The Syrian opposition will take over their nation's vacant seat at the Arab League, a high-ranking league official has said, a day ahead of a summit of Arab leaders in Doha, Qatar.
"The opposition has been invited to the Arab summit and will occupy Syria's seat at the Arab League," the official told the AFP news agency on Monday, requesting anonymity.
The pan-Arab bloc had already suspended President Bashar al-Assad's membership and recognised the coalition as the legitimate representative of the people of Syria.
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The Arab summit takes place on Tuesday and Wednesday.
Syrian opposition leader Mouaz al-Khatib said he would address the summit. Khatib resigned on Sunday as head of the National Coalition, but the opposition bloc rejected his resignation.
"I have decided to give a speech in the name of the Syrian people at the Doha conference," he wrote on his Twitter account. "This is a matter that has nothing to do with the resignation, which will be discussed later."
The National Coalition has been recognised by dozens of states and organisations as the legitimate representative of the Syrian people.
The Syrian government, meanwhile, criticised the Arab League for giving the country's seat to the opposition, who it termed "bandits" and "thugs".
"The League has handed Syria's stolen seat to bandits and thugs, to the [opposition] Coalition which thinks it can sit in the name of the Syrian people," the official al-Thawra newspaper said.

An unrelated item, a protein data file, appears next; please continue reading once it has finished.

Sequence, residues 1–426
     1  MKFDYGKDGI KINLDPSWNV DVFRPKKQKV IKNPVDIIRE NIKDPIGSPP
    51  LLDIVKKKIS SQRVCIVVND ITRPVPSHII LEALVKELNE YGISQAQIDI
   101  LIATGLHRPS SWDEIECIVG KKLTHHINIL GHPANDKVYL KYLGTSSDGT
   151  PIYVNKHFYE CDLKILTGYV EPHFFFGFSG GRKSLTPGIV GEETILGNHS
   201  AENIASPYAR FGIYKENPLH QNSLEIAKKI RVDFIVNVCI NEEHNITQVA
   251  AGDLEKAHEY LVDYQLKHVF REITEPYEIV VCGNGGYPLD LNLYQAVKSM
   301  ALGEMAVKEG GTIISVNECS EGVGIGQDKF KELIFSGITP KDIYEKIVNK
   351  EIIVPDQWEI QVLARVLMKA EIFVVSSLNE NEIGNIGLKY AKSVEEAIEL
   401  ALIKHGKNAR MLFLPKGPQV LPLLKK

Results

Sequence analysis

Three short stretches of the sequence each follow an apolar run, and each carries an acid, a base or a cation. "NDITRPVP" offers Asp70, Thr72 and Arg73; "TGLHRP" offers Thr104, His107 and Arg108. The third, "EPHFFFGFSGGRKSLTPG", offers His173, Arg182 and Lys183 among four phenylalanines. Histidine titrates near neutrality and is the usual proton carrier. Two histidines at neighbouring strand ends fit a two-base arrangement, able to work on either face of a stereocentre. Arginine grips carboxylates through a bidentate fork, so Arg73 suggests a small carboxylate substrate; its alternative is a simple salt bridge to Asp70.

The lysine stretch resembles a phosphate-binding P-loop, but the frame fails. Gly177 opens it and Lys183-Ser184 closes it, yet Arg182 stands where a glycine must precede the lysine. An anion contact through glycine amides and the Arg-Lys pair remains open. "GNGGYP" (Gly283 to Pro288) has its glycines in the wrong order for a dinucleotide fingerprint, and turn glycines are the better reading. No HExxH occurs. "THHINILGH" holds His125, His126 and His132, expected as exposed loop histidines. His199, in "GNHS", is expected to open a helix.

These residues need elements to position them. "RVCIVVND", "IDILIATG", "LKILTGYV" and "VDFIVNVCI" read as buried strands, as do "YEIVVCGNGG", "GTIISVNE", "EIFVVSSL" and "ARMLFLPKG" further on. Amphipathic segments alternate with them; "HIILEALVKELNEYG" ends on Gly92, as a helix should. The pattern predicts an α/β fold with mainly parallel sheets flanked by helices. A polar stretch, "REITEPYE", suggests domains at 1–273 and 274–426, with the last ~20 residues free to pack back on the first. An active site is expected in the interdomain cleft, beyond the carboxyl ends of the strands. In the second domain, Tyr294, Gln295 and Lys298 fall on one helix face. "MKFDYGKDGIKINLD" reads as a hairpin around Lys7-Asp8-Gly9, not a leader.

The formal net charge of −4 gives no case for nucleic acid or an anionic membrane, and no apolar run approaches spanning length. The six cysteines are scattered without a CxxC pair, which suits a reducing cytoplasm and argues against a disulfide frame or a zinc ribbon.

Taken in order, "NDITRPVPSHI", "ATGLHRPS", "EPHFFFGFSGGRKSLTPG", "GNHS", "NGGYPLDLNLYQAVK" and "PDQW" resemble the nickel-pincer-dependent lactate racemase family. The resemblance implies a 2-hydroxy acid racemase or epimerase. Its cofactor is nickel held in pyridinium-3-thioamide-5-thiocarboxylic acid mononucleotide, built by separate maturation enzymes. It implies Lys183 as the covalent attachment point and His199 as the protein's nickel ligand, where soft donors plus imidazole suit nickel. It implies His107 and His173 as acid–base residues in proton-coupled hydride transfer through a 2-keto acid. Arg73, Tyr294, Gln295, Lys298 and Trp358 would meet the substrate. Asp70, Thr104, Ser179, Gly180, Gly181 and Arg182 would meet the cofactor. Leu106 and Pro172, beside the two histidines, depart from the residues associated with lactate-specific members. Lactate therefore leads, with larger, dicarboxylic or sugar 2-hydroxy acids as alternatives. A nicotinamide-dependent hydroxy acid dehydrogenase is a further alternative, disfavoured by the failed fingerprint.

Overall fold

Nizar al-Heraki, Syria’s opposition ambassador to Qatar, told Al Jazeera that he will be arriving in Doha along with Khatib from Cairo on Monday evening.
He said the reaction to Khatib’s announced resignation was "very strong." He did not directly say whether Khatib will back off on his decision or not, but that the opposition leader "will see if the international community will fulfill the promises it made."
Khatib on Sunday said he wanted to resign so he could "work with a freedom that cannot possibly be had in an official institution".
"For the past two years, we have been slaughtered by an unprecedentedly vicious regime, while the world has looked on," Khatib said in a statement released on his Facebook page.
"All the destruction of Syria's infrastructure, the detention of tens of thousands of people, the forced flight of hundreds of thousands and other forms of suffering have been insufficient for the international community to take a decision to allow the people to defend themselves," he added.
Khatib was picked as head of the coalition after it was formed in November. He was seen as a moderate bulwark against the rising influence of al-Qaeda-linked forces fighting in the revolt against Assad.
Meanwhile, violence continued in Syria on Monday, and the United Nations announced that it was temporarily reducing the presence of international staff in the capital Damascus due to an increase in security threats.
"Most of the Damascus-based staff of the Office of the Joint Representative for Syria are being temporarily relocated to Beirut and the Joint Special Representative's main office in Cairo. All of the national staff of that Office have been asked to work from home, until further notice. These measures are being undertaken solely for security reasons," said Martin Nesirky, a UN spokesperson, at UN headquarters in New York.
The UN has approximately 100 international and 800 Syrian staff working in Damascus, Nesirky said.